Educational Resources

Search Resources:
Browse Resource Categories:

Issue #74
January, 2016

Delgamuukw – a Community Struggle for Aboriginal Title

Source: Virtual Museum Canada
Focus: Secondary students

Summary: This exhibit explores Gitxsan governance through a 20-year community event that became known in the courts and media as the Delgamuukw land title action. The essence of the Delgamuukw action was defining the relationship between Gitxsan ayookw (laws), adaawk (oral histories) and daxgyet (Chiefs’ authority) and Western society’s laws. The impact of the meeting of the two worldviews – typified by Gitxsan governance and Western governing systems – is still being felt in B.C. and across Canada.

The basis of the Gitxsan governing system are the ayookw, adaawk and daxgyet that flow from the 30,000-square-kilometre traditional land base in Northwest British Columbia, Canada.

Gitxsan are inseparable from this land of snow-capped peaks, lush, temperate rainforests and swift flowing rivers. The Gitxsan governing system developed as part of a more than 10,000-year-old intimate connection to the land and kin.

A few of the interactive features of this site include a game (the quiz button at the bottom of the web page), a multiple choice quiz included in each of the six sections and the feedback feature where you can submit your questions or comments on exhibit topics.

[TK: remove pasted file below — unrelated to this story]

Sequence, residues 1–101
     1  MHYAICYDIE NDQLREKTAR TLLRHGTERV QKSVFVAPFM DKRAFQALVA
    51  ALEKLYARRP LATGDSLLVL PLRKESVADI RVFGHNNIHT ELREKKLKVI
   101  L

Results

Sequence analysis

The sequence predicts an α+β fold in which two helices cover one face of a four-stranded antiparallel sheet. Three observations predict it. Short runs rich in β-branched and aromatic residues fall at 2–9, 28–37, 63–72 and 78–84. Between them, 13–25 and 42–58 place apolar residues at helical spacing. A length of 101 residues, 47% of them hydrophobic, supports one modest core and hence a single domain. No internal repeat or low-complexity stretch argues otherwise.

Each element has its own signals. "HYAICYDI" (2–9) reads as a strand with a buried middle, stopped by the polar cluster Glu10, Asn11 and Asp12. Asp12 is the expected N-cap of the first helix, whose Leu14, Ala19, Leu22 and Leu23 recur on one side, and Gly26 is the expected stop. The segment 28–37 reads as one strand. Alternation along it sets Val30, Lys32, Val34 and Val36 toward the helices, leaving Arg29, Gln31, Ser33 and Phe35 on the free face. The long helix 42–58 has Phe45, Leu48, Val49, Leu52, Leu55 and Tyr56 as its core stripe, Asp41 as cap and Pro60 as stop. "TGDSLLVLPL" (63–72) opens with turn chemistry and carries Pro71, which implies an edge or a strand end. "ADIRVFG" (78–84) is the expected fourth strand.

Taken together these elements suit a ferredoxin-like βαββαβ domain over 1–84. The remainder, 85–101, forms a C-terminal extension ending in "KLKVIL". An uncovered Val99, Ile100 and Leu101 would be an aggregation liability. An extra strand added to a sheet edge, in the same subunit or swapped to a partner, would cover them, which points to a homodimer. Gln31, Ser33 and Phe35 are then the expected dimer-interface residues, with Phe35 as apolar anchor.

Making Education Work (MEW) Outcomes Report 2013

Source: Province of Manitoba and the Canada Millennium Scholarship Foundation.

Summary: Making Education Work (MEW) was a five year research project jointly funded by the Province of Manitoba and the Canada Millennium Scholarship Foundation. The project involved high school students in six sites across Manitoba, consisting of three First Nation and three provincial high schools. The overall aim of the project was to evaluate whether the provision of additional in-school supports and services would assist Grade 10 to 12 students in staying in school, meeting requirements and entering a post-secondary program. Program implementation began in the 2006/2007 school year with students scheduled to graduate in 2009.


Making Education Work (MEW) Outcomes Report 2013
Making Education Work (MEW) Implementation Report 2011

Depictions of Success: Voices from Grade 12 Aboriginal Students